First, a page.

Use watercolor and texture again to over-paint and glaze different areas of the painting to create an interesting composition. It is exciting to learn

What happens when different colors overlap?

This project is for 10 or 12 children between the ages of 9 and 12.. although adults can do this too.

The first phase takes about an hour or so. The drying takes about ½ hour. The over- painting takes an hour and ½.

I had to plan to bring all the supplies necessary for my workshops because I wasn’t sure what materials would be available in Russia . I had a suitcase that was devoted entirely to my upcoming classes. Through the incredible generosity of “Cheap Joes” catalogue’s ” Brushes for Vincent” program and JWS art supply in Great Barrington, MA, all my art supplies were donated. I couldn’t believe how the Russian teachers could do so much with so little. The Russians value the arts and their children in a way that would be the envy of most US children. Through state sponsored after school programs, children are taught local arts and crafts, music and dance which keep their regional identity alive. The after school programs at the “Children’s Palace” keep the children away from the TV and off the streets until the end of their parents work day.

I wasn’t sure what the make up of my class would really be until I walked in the classroom door. This was particularly stressful for me because I am not a teacher. As I designed my lesson plan I planned for a broad range of age and experience. As it worked out, my classes were made up of 14+ children (ages 9-11) and 4 or 5 adults (whose role I wasn’t quite sure of). The materials we brought to the children and teachers were handled with awe and care. The children were beautifully mannered, shy and very respectful. It turns out that the adults were art teachers in the Children’s Palace. It was odd to me that the teachers didn’t want to help their students during my classes. I was blessed with the excellent assistance of Judy Lyons Schneider, a fellow artist, and my ophthalmologist husband, Richard Kaiden, who secretly wished that he had come to Russia as an artist. We had translators for most of our classes that helped things along. The children and teachers started the master classes slowly and quietly. It was exciting to see that I was actually teaching and the children were actually learning. It was only then that I realized that the teachers also wanted to take the class so that perhaps they could teach a similar lesson plan one day.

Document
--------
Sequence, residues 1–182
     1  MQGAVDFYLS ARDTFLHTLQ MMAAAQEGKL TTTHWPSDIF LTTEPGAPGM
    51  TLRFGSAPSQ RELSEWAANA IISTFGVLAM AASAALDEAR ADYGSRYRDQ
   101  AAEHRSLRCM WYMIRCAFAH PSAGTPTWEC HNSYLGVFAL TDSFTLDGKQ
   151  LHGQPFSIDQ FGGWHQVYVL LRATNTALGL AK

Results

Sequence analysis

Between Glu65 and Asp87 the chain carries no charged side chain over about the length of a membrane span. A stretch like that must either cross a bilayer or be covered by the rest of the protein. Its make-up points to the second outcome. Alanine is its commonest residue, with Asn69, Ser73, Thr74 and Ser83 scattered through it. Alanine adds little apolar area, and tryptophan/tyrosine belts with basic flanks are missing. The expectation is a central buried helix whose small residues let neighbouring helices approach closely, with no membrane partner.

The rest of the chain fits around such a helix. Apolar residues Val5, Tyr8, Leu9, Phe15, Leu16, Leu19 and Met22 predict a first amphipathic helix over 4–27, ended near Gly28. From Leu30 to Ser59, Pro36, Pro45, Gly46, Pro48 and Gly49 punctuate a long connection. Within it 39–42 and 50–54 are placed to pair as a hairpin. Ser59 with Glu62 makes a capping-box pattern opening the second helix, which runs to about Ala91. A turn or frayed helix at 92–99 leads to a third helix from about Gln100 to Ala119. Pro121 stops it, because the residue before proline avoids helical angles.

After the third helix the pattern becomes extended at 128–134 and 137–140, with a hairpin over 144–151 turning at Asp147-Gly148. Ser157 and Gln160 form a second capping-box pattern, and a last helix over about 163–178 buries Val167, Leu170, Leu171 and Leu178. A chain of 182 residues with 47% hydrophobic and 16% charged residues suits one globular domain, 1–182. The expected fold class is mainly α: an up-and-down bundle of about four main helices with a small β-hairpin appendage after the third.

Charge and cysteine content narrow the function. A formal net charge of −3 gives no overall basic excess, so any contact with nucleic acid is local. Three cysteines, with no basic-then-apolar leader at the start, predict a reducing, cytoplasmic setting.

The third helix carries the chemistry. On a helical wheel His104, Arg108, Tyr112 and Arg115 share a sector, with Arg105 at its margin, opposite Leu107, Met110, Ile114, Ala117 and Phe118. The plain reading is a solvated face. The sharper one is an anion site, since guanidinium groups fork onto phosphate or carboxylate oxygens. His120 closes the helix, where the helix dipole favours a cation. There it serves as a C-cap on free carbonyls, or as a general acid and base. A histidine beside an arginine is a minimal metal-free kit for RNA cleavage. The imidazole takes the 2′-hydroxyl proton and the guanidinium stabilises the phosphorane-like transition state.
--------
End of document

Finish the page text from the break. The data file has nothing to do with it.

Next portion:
I decided to let the children work on two watercolor samplers at the same time. This allowed drying time for the first piece and with more understanding of the materials and the lesson, their confidence and enthusiasm grew and so did mine.

The students arrived for the second class with handfuls of beautiful fall leaves. The class was slightly smaller and I was more comfortable with my role as teacher. When the project was finished and all the paintings were placed on the floor together, I looked around the room and saw happy faces and excellent work! I feel I learned more from the kids about myself than I was able to teach them. I also learned that if I can teach Russian children that perhaps I could teach American kids too.

As a surprise, I was given the opportunity to teach an unplanned master class at a “Gymnasium”, a private high school. This was a class in which I demonstrated my technique of “wet on wet” watercolor. The students dove right into the project and tried to learn as much as I could teach them in a too short hour. I decided to leave most of my donated art supplies with these serious art students because I felt they would put them to the best use.

Boris Nepomnyashchy, the head of the Novgorod Artists Union, arranged studio visits to nine of the Novgorod ‘s top artists. The ability to view the work and exchange ideas was a true highlight of my trip. One of the painters, Demitri Zhuravlyev asked “who was the watercolor artist?”..I raised my hand and he told me that my work spoke to him. He praised my love of color and life affirming subject matter and called me his soul mate. I was speechless to receive such a compliment from such an esteemed artist. It is interesting that in a poor country like Russia the state pays for the studio space of its valued artists. This is a startling contrast to our country when our country is slashing its arts funding across the board.

Traveling to Russia with the Novgorod Alliance was an intimate experience that no ordinary tourist could have. Richard and I always wanted to go on a medical mission; little did we expect that we each could share an art and medical experience on the same trip. In this upside down world we feel that we helped make the world a better place two people (or one very personal alliance) at a time. Arriving in Novgorod we were welcomed into a community that felt like a family, because of the trust and sharing developed over the past 12 years. We are grateful for the hard work and organization of the Novgorod Alliance and the wonderful people of Veliky Novgorod for giving us the opportunity to participate in their wonderful program.

 

Written by : ekaiden